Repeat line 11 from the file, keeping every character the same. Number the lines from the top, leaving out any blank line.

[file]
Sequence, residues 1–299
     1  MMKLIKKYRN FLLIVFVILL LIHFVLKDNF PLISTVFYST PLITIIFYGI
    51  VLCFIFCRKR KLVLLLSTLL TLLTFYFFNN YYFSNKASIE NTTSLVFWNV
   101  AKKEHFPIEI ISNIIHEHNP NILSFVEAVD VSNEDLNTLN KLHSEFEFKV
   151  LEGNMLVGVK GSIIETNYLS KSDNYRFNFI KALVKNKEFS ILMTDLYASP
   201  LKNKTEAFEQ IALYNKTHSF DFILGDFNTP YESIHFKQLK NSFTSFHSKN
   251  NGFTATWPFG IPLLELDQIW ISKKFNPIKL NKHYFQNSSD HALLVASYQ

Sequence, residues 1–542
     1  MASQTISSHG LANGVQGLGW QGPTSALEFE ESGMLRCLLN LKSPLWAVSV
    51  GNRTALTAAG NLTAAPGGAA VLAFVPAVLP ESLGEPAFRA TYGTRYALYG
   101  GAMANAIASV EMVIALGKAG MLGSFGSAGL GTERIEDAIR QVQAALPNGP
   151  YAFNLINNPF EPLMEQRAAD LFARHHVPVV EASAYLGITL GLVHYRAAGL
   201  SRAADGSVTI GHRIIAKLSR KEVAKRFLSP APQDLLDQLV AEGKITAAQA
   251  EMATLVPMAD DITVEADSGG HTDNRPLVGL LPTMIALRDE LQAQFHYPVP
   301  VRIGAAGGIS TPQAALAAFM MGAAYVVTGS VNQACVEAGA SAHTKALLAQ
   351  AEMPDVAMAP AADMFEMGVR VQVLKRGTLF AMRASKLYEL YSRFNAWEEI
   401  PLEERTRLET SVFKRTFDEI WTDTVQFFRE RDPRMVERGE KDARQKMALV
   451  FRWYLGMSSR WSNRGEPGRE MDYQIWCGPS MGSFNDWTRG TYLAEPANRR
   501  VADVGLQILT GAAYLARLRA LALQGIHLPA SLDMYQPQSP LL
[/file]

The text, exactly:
   101  GAMANAIASV EMVIALGKAG MLGSFGSAGL GTERIEDAIR QVQAALPNGP